Tue | May 21, 2019

Laws of Eve | The legal risks involved in playing sports

Published:Monday | July 16, 2018 | 12:00 AM

Football fever overtook the world within the past several weeks. Emotions in Russia ran the gamut from the thrill of victory to the agony of defeat, as traditional favourites were eliminated. Meanwhile, the entire world was transfixed by the daring rescue of one little football team, The Wild Boars, and their coach from the deep recesses of a cave in Thailand.

How is any of that relevant to the law, you ask? While I am making no direct correlation, many stories came out of the events that bring legal issues to mind. For example, one Moroccan player reportedly suffered memory loss after sustaining a concussion during a match, and there were doubts as to whether one of France's players might have missed the finals due to a suspected concussion.

Let us start by considering some of the basic legal principles that surround participation in sporting activities. This begins with the general concept that all persons have a duty of care to ensure that they avoid activities that might cause injury to others. There are some activities, however, that are inherently dangerous and involve taking risks that qualify that general duty. For example, when a baker, who needs to stand for the greater part of his working day, engages in jujitsu, fractures his leg and is unable to work for at least six weeks, or a professional football player suffers a concussion while playing the game and develops severe mental-health issues some years later, who is responsible?

The law treads a path in the sporting arena, because although there is an overwhelming desire to encourage and support engagement in sports, there is clear recognition that sports involve rules and the activities of players are still subject to traditional legal principles.

In most cases related to sports injuries, the claimant is the injured player and the defendant is the player on the opposing side or the organisers of the event. The defendant is likely to rely on the defence Volenti Non Fit Injuria to assert that the claimant consented to participate in the sport, and, therefore, consented to the risk of danger that is associated with it.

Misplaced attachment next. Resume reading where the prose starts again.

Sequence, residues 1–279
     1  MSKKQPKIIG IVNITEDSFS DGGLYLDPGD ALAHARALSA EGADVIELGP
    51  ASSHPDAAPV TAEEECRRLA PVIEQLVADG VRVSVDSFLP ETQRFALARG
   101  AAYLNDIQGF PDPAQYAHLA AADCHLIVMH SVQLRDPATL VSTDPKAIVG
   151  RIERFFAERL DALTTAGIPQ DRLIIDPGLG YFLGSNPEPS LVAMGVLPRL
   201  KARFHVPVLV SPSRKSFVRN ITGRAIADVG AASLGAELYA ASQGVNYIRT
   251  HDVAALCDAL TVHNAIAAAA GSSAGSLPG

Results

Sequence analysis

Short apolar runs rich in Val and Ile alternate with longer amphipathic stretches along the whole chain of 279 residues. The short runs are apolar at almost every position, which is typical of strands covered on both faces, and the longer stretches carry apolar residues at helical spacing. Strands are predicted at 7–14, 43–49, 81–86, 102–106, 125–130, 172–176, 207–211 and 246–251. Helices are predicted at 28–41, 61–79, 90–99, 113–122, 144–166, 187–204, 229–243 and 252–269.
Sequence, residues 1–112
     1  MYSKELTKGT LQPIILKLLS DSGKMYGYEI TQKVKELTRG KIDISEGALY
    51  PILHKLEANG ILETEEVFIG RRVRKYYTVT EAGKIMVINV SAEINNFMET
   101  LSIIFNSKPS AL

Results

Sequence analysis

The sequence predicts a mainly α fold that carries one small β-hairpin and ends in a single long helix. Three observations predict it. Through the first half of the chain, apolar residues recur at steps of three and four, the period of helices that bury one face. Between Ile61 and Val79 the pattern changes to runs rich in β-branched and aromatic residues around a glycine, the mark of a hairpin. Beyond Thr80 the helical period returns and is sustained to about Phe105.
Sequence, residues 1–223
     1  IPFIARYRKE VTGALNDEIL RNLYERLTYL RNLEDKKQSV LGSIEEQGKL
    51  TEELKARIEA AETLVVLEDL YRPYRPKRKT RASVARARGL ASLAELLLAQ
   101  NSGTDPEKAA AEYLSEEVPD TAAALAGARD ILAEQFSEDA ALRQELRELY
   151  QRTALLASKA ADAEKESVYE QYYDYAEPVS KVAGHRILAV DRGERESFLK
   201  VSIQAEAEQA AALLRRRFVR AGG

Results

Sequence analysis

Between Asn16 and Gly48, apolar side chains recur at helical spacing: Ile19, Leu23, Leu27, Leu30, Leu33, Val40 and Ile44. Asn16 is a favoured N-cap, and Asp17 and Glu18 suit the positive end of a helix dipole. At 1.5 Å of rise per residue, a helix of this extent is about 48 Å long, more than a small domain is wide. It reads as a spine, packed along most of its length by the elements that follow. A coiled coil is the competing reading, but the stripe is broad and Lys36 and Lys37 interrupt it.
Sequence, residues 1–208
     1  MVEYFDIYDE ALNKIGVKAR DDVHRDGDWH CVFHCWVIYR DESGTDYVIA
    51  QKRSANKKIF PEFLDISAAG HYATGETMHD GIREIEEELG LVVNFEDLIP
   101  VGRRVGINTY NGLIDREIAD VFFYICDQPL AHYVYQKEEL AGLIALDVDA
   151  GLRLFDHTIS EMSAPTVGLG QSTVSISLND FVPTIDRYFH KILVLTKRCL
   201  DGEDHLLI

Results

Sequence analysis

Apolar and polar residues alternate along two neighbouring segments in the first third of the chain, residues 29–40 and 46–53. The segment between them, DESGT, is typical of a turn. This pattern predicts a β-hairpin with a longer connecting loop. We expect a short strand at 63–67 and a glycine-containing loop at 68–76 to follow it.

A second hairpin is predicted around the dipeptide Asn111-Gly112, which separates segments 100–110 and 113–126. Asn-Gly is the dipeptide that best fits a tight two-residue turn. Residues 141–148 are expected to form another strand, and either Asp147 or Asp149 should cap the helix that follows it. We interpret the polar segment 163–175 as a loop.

Claims in this area are usually very difficult, and the results vary. In one English Court of Appeal decision - Condon v Basi [1985] 1 WLR 866 - the claimant suffered a broken leg when a player from the opposing team effected a late sliding tackle that earned him a red card. ". . . There was here such an obvious breach of the defendant's duty of care towards the claimant. He was clearly guilty ... of serious and dangerous foul play which showed a reckless disregard of the claimant's safety and which fell far below the standards which might reasonably be expected in anyone pursuing the game."

A later decision in the case of Caldwell v Maguire [2002] PIQR 6 involved serious injuries that were suffered by one jockey when two other jockeys rode their horses across the path of others and caused the claimant's horse to hit the rail. The English Court of Appeal upheld the trial judge's finding that the defendants were not negligent, even if they might have been careless.

In the 2012 case of Harrison v Jagged Globe [2012] EWCA Civ 835, the Volenti defence succeeded when an experienced mountaineer sued the organisers of an expedition for injuries she suffered during a fall. The expedition was being filmed, and the court found that the claimant volunteered and accepted the risk associated with what was a staged fall or stunt.

I suppose the best advice in this area is to carefully assess the risks associated with the sport in which you have an interest before becoming engaged. Once those risks are known, it should be accepted that there could be a complete defence to any claim that you suffered injury while participating in the sport.

- Sherry Ann McGregor is a partner, mediator and arbitrator in the firm of Nunes Scholefield DeLeon & Co. Please send questions and comments to lawsofeve@gmail.com or lifestyle@gleanerjm.com.